For the third year in a row Canadian Tire in Williams Lake is teaming up with different recycling stewards to accept a plethora of goods during an all-day recycling event on May 12.
Billed as Reduce Your Footprint, store manager and organizer Brian Stefan says stewards will be accepting tires, electronics, and small appliances.
Canadian Tire normally accepts a long list of items for recycling — including glass, oil, batteries, and florescent bulbs — so those bins will also be waiting and ready.
Glass goes across the road to United Concrete where it is recycled.
“I’m anticipating the number of items we’ll receive to be off the charts,” Stefan says, adding since its inception the event has grown every year.
New partners for 2012 are Speedy Glass and Williams Lake Daybreak Rotary Club.
Speedy Glass will fix rock-chipped windshields on-site and Rotary will accept used books.
As in the past, Big Brothers and Big Sisters will accept soft goods, while Bee Line Courier will collect the electronics and small appliances.
Those can be anything from faxes, computers, scanners and cameras to personal audio equipment.
“You know those old rear-projection TVs that were the size of a small vehicle. We saw some of those come back last year. They’re so heavy, people don’t know what to do with them,” Stefan explains.
Bee Line will also take toasters, irons and kettles.
“We know that those kinds of items are not being diverted. They are just going to the landfill,” Stefan says.
Central Cariboo Disposal will collect used paint, stains and spray cans.
In past years people have attended and spoken with stewards based in Williams Lake and learned recycling information they weren’t aware of.
“They may have thought things were to go in the garbage, and did not realize they were recyclable,” Stefan says, adding the information learned during the day goes back to people’s families and neighbourhoods.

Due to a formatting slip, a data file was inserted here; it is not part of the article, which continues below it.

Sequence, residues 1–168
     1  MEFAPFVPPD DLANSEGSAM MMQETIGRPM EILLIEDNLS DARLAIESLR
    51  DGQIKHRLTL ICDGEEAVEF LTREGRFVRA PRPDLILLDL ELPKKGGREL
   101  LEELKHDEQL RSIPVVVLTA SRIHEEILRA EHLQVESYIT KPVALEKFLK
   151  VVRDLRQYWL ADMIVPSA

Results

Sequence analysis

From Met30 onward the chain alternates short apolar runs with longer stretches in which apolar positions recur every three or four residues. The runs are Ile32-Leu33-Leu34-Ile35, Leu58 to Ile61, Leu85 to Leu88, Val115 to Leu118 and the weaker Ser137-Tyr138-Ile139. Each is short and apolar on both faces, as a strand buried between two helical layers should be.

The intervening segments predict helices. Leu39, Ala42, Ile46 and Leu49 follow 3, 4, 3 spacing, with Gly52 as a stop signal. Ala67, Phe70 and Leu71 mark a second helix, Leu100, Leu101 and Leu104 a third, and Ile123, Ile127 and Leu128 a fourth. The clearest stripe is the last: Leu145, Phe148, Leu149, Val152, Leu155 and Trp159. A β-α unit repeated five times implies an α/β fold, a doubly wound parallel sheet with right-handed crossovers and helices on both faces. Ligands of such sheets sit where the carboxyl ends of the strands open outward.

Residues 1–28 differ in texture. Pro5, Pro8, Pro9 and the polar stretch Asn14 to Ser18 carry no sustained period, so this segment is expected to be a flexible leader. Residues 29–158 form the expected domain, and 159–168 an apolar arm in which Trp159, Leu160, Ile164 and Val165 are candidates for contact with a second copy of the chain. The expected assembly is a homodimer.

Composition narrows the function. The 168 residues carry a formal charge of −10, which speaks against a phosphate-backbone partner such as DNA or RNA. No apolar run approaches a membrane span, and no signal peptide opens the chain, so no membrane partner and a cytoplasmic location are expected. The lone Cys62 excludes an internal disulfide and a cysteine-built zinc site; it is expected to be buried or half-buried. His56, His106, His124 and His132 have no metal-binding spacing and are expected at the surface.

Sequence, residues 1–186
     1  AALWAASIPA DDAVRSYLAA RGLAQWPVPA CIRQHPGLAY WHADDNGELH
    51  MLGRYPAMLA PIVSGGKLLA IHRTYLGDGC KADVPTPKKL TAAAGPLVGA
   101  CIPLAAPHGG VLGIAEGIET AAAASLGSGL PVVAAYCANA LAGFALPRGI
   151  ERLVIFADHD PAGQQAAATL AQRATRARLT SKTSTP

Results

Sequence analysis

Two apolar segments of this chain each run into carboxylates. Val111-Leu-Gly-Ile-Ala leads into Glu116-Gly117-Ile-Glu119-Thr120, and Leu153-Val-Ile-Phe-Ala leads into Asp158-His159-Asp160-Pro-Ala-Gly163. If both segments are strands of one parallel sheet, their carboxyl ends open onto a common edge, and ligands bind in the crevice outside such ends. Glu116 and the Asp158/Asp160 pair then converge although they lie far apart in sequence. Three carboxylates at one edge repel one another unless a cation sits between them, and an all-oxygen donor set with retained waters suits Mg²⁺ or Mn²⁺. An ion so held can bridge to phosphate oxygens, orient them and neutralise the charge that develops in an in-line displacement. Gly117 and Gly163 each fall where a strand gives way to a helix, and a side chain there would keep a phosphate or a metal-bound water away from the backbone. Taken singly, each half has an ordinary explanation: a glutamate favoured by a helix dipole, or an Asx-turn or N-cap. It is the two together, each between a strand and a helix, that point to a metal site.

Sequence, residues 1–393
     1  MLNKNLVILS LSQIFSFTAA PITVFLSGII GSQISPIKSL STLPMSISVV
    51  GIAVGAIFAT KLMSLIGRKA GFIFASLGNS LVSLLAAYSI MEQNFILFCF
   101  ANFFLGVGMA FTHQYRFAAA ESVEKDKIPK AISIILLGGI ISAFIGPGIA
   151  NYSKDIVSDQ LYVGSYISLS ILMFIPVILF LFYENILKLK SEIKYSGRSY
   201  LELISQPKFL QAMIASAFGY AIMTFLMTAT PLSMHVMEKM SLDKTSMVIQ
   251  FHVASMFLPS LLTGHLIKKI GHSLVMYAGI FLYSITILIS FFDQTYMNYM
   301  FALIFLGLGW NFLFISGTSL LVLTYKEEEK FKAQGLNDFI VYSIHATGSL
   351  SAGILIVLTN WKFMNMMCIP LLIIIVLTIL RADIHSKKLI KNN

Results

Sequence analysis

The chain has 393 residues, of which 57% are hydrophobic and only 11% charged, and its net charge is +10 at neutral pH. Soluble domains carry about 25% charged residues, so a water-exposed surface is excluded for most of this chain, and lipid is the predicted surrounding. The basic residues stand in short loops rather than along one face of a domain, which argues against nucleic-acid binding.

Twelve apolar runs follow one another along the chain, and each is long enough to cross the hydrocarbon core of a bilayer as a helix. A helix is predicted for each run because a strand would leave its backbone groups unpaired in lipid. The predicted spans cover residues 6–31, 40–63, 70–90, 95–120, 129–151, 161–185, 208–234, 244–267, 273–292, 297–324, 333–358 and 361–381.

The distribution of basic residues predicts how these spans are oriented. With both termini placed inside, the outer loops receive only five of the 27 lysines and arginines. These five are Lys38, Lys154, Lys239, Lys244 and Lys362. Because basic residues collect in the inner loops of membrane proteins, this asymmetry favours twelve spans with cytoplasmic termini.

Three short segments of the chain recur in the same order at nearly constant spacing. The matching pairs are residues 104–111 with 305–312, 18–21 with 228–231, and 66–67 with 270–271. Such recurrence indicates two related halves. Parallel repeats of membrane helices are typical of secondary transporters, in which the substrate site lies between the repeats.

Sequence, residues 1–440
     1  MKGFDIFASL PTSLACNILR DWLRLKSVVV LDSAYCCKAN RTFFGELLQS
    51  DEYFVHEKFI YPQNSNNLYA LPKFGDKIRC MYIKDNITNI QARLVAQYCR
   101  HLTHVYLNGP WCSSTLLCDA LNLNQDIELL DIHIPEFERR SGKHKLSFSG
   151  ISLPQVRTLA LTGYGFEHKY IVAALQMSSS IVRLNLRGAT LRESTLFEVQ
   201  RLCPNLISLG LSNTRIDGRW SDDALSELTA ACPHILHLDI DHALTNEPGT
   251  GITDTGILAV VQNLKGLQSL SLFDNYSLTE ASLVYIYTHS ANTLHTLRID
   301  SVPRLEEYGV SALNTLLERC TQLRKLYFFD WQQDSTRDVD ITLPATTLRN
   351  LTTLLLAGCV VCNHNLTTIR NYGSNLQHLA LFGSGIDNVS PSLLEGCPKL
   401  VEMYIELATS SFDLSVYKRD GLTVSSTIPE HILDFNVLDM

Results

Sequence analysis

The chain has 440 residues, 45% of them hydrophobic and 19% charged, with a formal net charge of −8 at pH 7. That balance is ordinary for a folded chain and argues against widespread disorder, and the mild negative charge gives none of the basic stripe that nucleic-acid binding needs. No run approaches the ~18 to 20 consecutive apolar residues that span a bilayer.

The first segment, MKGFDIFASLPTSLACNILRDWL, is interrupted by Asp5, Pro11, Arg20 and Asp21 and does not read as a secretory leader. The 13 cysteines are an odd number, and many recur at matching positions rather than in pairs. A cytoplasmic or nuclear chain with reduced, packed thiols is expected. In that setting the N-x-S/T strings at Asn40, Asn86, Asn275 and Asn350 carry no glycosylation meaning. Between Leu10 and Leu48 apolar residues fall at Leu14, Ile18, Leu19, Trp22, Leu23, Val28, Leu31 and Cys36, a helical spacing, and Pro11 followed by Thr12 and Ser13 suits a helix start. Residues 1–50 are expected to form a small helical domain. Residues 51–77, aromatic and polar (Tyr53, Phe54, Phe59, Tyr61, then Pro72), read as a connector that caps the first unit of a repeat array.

Three years ago, Stefan won a write-in contest through Tire Stewardship BC that resulted in the society bringing a 53-foot trailer and two employees to Williams Lake.
They’ve been returning ever since to haul tires to Vancouver where they are recycled to make items such as athletic tracks, playground surfaces, commercial flooring and coloured mulch.
Canadian Tire’s own community program Jumpstart — which provides local children with registration fees for recreation programs — will accept donations of beverage bottles that day too.
Describing himself as merely the conduit that brings groups together, Stefan says what makes the event successful is the community’s participation.
Recycling creates employment in Williams Lake and if there was more recycling there’d be more jobs in the community.
Looking to the future, he hopes Williams Lake gets put on the map as a place that has a high percentage of the population recycling.
“Obviously a larger city will generate more gross tonnage of recycling, but maybe on a percentage basis we can become a community that cares about recycling and wants to increase employment in our community and do the right thing,” Stefan suggests.
Representatives from the Cariboo Regional District and the city will also be there to participate and see the lengths that people will go to recycle, he adds.
The event runs from 9 a.m. to 5 p.m.